You can find robust application information on OMMA’s website and their application checklist.
After licensing comes compliance. Learn the rules for running a medical marijuana dispensary in Oklahoma.
Only medical patients (or their caregiver) with a valid medical marijuana patient license can purchase goods from an Oklahoma dispensary. Dispensaries can verify a patient or caregiver by a physical medical marijuana ID card or through the state’s database.
Licensed dispensaries can not sell medical marijuana to out-of-state individuals or entities.
Dispensaries in Oklahoma must be at least 1,000 feet from a public or private school. This is measured by a straight line (shortest distance) from the property line of the dispensary to any entrance of the school.
Medical cannabis dispensaries in Oklahoma can sell mature plants, seedlings, concentrates, flower and edibles.
In a single transaction, a dispensary cannot sell more than three ounces of usable cannabis, one ounce of marijuana concentrate and 72 ounces of medical marijuana products. These all fall in line with possession limits for patients.
Oklahoma law states that packaging for medical marijuana cannot be attractive to minors, must contain proper warnings to keep out of reach of minors and child-resistant packaging.
Wholesale package labels must include name, license number, batch number, date of harvest or production, and a statement that medical marijuana has passed or failed testing and is being transferred for remediation purposes only.
Packages and labels cannot contain OSDH or OMMA logos.
There is a 7% gross receipts tax on all cannabis, plus sales tax, that must be collected upon sale. A sales tax permit has to be obtained after a license is granted by OMMA.
No regulated cannabis market exists without tracking and reporting. Find out how Oklahoma will prevent diversion into the black market with these tracking rules.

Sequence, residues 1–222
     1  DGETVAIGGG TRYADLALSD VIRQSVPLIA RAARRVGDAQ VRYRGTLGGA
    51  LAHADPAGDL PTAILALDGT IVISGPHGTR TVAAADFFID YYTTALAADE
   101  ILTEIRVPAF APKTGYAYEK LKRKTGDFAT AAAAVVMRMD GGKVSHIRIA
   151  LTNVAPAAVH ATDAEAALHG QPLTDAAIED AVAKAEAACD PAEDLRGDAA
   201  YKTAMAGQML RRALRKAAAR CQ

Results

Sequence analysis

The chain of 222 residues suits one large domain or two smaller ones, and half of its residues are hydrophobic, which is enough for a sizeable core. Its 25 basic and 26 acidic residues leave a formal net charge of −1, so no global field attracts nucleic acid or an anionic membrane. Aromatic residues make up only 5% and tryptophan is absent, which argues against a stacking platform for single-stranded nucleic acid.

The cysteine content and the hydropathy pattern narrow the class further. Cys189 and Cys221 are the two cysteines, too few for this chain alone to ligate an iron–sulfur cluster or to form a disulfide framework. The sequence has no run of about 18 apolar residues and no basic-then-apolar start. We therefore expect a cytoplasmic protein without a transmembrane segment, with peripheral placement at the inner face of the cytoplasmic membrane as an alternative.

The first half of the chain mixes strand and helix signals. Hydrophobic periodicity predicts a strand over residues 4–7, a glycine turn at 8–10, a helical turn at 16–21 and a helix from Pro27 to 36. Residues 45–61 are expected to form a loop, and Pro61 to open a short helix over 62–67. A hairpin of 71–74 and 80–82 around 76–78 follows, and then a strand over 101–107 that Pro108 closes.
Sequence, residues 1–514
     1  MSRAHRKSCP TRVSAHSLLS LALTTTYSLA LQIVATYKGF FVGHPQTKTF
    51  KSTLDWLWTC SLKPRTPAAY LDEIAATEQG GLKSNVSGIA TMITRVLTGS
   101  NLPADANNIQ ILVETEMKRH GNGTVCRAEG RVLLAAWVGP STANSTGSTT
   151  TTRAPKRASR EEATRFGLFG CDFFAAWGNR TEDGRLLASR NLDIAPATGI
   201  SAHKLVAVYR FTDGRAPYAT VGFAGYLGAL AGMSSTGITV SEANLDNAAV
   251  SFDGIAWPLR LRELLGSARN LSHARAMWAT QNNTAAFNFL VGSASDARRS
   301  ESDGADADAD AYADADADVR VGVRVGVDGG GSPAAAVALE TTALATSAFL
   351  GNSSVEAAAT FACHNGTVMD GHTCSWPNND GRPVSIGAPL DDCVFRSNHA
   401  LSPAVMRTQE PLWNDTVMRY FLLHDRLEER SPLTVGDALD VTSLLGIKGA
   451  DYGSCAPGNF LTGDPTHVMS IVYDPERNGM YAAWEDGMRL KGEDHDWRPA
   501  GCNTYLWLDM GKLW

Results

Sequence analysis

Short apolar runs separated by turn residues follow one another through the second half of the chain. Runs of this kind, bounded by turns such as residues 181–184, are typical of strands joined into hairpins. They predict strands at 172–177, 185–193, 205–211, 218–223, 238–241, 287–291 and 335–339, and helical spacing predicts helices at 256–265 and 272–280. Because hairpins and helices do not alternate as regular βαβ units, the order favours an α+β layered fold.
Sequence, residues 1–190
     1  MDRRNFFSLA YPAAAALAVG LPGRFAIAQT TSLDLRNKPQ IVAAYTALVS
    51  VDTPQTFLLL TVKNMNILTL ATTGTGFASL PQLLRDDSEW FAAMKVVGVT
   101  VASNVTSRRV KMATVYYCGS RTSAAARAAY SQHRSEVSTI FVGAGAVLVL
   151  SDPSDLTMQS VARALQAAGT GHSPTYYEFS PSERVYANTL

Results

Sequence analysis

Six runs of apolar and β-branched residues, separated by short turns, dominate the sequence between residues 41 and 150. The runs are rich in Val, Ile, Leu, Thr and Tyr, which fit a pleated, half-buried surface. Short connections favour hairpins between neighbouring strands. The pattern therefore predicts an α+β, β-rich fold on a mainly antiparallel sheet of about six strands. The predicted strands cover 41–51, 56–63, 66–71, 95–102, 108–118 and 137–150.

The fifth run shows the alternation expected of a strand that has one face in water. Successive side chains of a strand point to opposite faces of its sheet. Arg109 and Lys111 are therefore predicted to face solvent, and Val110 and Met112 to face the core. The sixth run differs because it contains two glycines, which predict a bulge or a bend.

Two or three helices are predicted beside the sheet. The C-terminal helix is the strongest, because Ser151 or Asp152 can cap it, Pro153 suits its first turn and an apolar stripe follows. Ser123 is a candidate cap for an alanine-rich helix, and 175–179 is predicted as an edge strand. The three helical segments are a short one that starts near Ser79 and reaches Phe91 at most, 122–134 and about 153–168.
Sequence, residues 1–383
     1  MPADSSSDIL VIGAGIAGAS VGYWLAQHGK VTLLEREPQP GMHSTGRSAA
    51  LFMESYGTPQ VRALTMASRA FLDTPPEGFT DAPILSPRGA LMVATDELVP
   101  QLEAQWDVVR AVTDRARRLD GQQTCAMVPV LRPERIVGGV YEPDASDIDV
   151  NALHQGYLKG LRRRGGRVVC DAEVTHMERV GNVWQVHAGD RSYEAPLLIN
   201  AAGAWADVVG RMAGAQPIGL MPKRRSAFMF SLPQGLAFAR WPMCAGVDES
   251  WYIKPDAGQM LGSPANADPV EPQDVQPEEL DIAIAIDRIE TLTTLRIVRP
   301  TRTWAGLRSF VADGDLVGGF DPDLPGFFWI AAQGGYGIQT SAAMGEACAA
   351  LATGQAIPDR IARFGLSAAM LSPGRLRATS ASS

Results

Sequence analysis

OMMA has partnered with Metrc for inventory tracking and reporting services to cannabis businesses, and Metrc system is gradually being integrated with OMMA reporting requirements.
Metrc is a fully integrated compliance system that allows real-time tracking and tracing of marijuana products. Licensees will have to attach unique, serialized tags to every product, which will have readable text, barcodes, and RFID chips to uniquely identify every plant or flower, both physically and digitally in the cloud software. Retailers will then enter information such as weight, transfer of custody, and test results into the online software platform, which will be then available to the business owners and the OMMA. To familiarize yourself with how Metrc works, you may check out videos on its YouTube channel and complete metrc training with your specific Metrc account number.
Licensed medical marijuana businesses have until May 26, 2022, to comply with the Metrc seed-to-sale tracking system
Dispensaries have until Aug 24, 2022, to sell or legally dispose of untagged medical marijuana products in their inventory.
OMMA will conduct at least five online seminars by May 26 to educate licensees on the new seed-to-sale system
OMMA will ensure adequate Call Center staff is on hand to respond to questions about METRC implementation.
Until then, dispensaries can keep following the previous reporting method as outlined below:
The OMMA developed a monthly reporting template that must be submitted on the 15th day of every month. The monthly reporting template includes:
All records must be maintained for at least seven years after the date of recording. These records must be accessible to auditors within 15 days of being requested.
The Oklahoma Department of Health will have oversight and auditing powers over all of Oklahoma’s commercial medical marijuana operations.
A dispensary will be subjected to penalties for non-patient sales and/or gross discrepancies in inventory tracking that cannot be explained. The first offense will come with a fee of $5,000 and a second offense (in a two-year period) will result in a revocation of license. Learn more about how to run a compliant dispensary in Oklahoma.
Yes, the Cova dispensary POS software suite will allow you to generate required reports in one click and submit them to OMMA, virtually eliminating the risk of compliance errors due to human error. Cova’s system will automate compliance in other ways too, by offering instant age verification and monitoring purchasing limits.
Yes — not only is Cova fully integrated with Metrc but we’re one of few cannabis-specific POS companies with two-way integration to Metrc's tracking system. Our system will automatically handle compliance reporting and seamlessly send any adjustments and reports to Metrc, thus helping you maximize operational efficiency and meet all Oklahama's changing laws and regulations. Once Metrc system is implemented in OK, Cova is there to help you with everything.